If entrepreneurship is a battle, most casualties stem from friendly fire or self inflicted wounds
I’ve really enjoyed reading Noam Wasserman’s ‘The Founders Dilemma: Anticipating and Avoiding the Pitfalls That Can Sink a Startup‘. This is possibly best described as book of research and case studies conducted into starting up a company from the perspective of an entrepreneur. Wasserman focuses on the key dilemmas any founder of a startup will face; these include career dilemmas, dilemmas with co-founders, acquisitions, investor dilemmas, recruitment, exit dilemmas and many others. The book analyses, quantitatively, the early decisions by entrepreneurs that can make or break a startup; what he has done here is conducted real research to get beyond anecdotes and case studies to more general patterns.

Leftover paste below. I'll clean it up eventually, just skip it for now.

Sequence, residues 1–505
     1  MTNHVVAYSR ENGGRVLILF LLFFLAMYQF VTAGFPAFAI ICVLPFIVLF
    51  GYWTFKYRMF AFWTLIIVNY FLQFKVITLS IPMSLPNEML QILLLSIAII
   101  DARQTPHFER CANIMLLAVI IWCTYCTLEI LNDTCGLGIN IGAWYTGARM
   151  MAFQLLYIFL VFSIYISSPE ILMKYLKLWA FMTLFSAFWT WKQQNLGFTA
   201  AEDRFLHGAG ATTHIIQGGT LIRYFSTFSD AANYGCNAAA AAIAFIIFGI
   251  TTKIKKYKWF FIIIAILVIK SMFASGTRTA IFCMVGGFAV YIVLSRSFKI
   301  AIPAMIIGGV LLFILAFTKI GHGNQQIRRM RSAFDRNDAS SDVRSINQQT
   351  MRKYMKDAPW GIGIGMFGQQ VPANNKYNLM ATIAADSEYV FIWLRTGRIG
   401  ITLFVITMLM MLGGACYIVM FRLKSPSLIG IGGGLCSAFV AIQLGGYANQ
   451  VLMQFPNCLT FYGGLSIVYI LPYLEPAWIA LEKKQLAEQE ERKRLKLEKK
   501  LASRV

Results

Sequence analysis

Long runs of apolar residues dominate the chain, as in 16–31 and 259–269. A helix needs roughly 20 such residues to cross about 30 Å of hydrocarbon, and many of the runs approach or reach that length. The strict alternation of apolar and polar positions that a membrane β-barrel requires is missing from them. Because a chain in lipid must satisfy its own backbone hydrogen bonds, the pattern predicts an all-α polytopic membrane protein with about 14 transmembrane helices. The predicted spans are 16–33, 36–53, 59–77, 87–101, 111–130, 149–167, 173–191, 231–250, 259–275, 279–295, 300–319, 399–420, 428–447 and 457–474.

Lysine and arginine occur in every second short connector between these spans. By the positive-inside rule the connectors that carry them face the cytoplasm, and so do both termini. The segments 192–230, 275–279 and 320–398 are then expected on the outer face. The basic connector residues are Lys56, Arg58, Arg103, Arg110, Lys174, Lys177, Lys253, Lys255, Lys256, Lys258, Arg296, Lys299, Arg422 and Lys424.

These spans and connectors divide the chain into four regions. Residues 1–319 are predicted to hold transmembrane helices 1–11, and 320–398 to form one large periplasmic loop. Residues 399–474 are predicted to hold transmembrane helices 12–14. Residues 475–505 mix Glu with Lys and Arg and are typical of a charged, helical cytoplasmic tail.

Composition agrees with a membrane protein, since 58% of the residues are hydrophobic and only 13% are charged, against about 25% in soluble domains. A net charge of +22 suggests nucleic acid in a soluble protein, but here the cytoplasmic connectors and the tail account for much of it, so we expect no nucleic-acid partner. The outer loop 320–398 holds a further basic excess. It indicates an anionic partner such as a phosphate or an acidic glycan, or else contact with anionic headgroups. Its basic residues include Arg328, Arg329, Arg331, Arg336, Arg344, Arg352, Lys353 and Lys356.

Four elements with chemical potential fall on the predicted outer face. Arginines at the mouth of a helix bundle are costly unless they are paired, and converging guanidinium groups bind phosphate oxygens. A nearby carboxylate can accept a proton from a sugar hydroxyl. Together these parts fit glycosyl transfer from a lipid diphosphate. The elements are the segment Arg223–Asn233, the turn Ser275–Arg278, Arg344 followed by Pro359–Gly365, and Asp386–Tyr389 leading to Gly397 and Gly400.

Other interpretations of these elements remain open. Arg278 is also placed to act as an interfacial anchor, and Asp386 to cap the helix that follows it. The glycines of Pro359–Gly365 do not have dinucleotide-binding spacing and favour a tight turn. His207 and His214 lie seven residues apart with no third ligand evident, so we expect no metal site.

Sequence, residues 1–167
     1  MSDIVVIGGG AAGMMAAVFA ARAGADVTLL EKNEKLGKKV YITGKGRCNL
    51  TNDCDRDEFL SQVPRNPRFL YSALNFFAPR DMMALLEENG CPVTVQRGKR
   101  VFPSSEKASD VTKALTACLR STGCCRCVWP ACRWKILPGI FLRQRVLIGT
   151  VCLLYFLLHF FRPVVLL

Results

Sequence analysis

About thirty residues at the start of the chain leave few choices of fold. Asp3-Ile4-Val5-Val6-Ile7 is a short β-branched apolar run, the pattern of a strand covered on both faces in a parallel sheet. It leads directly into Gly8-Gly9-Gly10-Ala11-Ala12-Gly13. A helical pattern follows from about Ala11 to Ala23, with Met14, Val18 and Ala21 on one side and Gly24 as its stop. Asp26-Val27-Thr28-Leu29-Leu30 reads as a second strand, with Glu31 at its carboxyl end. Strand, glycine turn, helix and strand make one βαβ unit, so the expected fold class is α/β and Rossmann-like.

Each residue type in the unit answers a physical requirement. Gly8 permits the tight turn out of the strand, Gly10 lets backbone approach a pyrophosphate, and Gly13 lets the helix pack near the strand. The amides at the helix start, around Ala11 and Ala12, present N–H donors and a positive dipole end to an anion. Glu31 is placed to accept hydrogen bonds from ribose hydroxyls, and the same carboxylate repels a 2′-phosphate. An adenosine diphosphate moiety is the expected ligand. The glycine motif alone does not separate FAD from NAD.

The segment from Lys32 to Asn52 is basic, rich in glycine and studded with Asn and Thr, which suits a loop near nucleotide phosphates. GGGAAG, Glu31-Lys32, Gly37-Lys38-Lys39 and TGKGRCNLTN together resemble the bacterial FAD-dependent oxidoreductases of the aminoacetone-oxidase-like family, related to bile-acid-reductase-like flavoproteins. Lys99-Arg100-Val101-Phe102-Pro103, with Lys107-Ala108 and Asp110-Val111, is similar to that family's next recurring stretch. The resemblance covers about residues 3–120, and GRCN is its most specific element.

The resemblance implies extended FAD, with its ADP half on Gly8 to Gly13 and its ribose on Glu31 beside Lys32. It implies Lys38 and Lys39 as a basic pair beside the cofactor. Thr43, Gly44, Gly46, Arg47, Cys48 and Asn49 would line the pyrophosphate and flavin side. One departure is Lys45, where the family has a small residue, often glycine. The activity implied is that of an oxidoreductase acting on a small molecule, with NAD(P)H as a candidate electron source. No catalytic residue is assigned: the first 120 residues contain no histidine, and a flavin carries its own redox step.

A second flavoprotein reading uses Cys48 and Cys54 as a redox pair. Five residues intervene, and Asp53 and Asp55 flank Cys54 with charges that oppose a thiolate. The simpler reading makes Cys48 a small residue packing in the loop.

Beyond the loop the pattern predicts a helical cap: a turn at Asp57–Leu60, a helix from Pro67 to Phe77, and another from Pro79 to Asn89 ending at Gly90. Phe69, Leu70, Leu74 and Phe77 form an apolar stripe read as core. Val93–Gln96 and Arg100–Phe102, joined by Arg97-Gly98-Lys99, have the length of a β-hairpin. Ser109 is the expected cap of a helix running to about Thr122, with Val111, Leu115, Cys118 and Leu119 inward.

What occurred to me was that many of these dilemmas apply to any situation where a leader might be faced with building a team, finding the right people to embark on a journey together in order to achieve a shared goal. What makes this book such compelling reading are the real world examples that Wasserman cites, and the candor with which he analyses the decisions that were made and describes the real effects and consequences of those decisions.